Most nights this summer, Julio Abad finds himself fighting through the final remnants of evening rush-hour traffic as he drives from his home in Lynnwood all the way to Sumner to take part in Seattle Sounders FC under-23 training.
He’s making this almost daily trek so he can best prepare for joining the Long Island University men’s soccer team in August, being the rare player to go directly from Edmonds Community College to an NCAA Division I school.
The opportunity with the Sounders came about because of Abad’s involvement with the Special Olympics USA unified men’s soccer team that competed at the 2019 Special Olympics World Games in Abu Dhabi, United Arab Emirates.
All of this coalesced over a two-week period in March, and all of it is down to Abad taking the initiative to make things happen.
It’s been a crazy few months for Abad, and the Meadowdale High School graduate is doing everything within his power to make the most of the soccer opportunities he’s created.
“I’ve really been kind of lost for words about the whole thing,” Abad said. “All of it has been absolutely life changing.”
“It’s just amazing,” Ozzy Erkut, Abad’s coach at Edmonds CC, said. “He’s a local guy who came to a community college and just loves the game. The past year it’s been amazing what he’s achieved, and I’m super happy for him.”
The intersection point for all these events came in early March.
It began with Abad committing to Long Island University. Abad was a Northwest Athletic Conference All-North Region selection as a sophomore defensive midfielder for Edmonds last fall, and he eventually was named the Tritons’ Male Athlete of the Year for 2018-19 among all sports. But playing for an NCAA Division I school was always his dream, and NWAC doesn’t draw a lot of attention from D-I scouts. So he started contacting schools himself. One he chose was Long Island University because his friend, former Edmonds-Woodway High School girls soccer star Gabby Clark, played for the women’s team.
“During my high school days (playing for an NCAA Division I college) was all I wanted to do,” Abad said. “One of the things about being a CC athlete, you don’t get the looks that you would coming out of high school. So you really have to put yourself out there and try to make things happen for yourself.”
Abad corresponded with the Sharks coaching staff and Abad went for a visit. The two sides decided they were a match, with Abad also being enamored with LIU’s business program. Abad won’t be on athletic scholarship with the Sharks, but he is receiving some academic scholarships.
Abad committed to LIU in early March, and within two weeks he was headed to Abu Dhabi for the Special Olympics World Games, which took place March 14-21. Abad was a unified partner on the U.S. 11-a-side men’s team — unified teams consist of both special athletes and non-special athletes like Abad.
Abad got involved with the team through his longtime friend, Brandon Primm. Primm’s older brother, Danny, is a Special Olympian, and Primm has long been involved. Last summer Primm invited Abad to try out for the Special Olympics Washington unified team, which ended up being the one that represented the U.S. at the World Games. But Abad, much to his disappointment, was unable to attend because of a prior commitment. However, months later a spot opened up on the team. Abad was given a solo tryout and he was accepted onto the team for Abu Dhabi.
“Being at the Special Olympics World Games and meeting so many amazing athletes, hearing their stories about everything they’ve gone through in life and been able to do, it really puts into perspective how our lives are and what we may think of as important, or what we may thing of as a challenge,” Abad said. “Sometimes it’s absolutely nothing compared to what other people have gone through. The whole experience really opened my eyes to the world.”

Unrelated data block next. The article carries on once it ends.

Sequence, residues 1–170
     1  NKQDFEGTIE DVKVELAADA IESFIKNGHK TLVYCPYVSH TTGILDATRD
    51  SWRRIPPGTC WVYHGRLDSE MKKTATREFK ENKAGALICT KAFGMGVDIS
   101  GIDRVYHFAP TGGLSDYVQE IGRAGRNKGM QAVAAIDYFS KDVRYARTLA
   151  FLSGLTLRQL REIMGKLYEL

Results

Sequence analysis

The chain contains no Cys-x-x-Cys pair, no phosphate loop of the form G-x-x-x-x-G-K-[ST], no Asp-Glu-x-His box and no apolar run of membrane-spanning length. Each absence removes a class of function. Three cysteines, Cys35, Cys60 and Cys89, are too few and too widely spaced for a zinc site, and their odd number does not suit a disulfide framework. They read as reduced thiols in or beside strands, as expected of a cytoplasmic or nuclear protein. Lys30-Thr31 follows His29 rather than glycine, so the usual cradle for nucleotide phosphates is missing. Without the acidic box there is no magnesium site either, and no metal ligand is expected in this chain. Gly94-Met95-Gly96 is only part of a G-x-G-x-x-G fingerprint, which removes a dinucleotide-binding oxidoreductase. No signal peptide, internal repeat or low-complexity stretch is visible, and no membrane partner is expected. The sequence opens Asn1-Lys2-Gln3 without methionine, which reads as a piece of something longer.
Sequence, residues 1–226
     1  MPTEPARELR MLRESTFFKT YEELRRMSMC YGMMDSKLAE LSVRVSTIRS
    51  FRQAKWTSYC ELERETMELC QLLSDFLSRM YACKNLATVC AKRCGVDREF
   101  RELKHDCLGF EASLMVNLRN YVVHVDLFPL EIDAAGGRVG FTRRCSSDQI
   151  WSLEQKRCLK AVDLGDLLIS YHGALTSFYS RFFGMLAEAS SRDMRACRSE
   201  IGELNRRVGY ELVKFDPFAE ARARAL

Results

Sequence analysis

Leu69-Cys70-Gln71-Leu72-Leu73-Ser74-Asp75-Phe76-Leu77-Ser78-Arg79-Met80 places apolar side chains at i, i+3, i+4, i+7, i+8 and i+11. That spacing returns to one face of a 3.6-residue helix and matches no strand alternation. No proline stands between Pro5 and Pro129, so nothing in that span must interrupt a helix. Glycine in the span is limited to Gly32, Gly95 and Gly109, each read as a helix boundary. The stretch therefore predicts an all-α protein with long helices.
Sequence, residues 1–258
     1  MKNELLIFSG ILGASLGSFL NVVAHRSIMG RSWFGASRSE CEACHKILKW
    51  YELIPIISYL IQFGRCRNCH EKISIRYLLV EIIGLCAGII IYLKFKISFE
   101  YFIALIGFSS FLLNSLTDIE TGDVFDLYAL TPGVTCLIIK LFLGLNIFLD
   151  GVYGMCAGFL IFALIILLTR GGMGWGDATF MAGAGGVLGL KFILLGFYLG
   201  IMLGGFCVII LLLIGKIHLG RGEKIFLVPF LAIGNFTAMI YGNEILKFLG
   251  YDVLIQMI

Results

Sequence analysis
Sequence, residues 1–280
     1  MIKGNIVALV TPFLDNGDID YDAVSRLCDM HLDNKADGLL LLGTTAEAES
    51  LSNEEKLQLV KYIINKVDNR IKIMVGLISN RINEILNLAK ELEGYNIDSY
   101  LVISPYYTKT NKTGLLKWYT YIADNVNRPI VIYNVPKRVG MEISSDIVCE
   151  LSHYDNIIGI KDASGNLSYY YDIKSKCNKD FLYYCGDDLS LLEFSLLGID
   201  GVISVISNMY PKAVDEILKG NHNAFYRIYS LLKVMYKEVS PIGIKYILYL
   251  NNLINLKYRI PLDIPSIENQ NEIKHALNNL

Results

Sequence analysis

The U.S. went 1-1-1 in pool against Kenya, Denmark and India, lost to eventual gold medalist South Africa in the semifinals, then beat India to win the bronze medal.
“It was good,” Abad said about the level of play. “They’re all good players out there. When we were playing soccer everything else went away, they were soccer players and they were good. We had one player on our team I’d say easily could have made a CC team, he’s a phenomenal player.”
It was during the trip to Abu Dhabi that the door to the Sounders opened. Abad, in anticipation of playing at a four-year school, had been trying to contact the Sounders U-23s about training with them during the summer, but to no avail. Unbeknownst to Abad, the reason he received no response from the Sounders U-23s is because they had undergone a coaching change. The new coach, Jason Prenovost, just happened to be part of the U.S. contingent for the Special Olympics World Games. Abad was able to talk to Prenovost about the possibility of training with the team over the summer, a tryout was set up for early May, and Abad earned a spot as a practice player.
Abad is one of several practice players, attending all the team’s sessions and filling in wherever needed.
“The guys I’m playing with are some of the best players around,” Abad said. “Training with these high-caliber players, there’s something to learn from everyone. The community college level is a little slower paced, but going to the D-I level is a big jump. Now I get to train with a bunch of D-I players, and I’m exposed to playing against competing with that caliber of player.”
Abad will spend the rest of the summer practicing with the Sounders U-23s, and since returning from Abu Dhabi he’s remained involved with Special Olympics — he’s looking into opportunities in New York once he arrives at LIU. That means Abad’s whirlwind soccer journey will only continue.
If you have an idea for a community sports story, email Nick Patterson at firstname.lastname@example.org.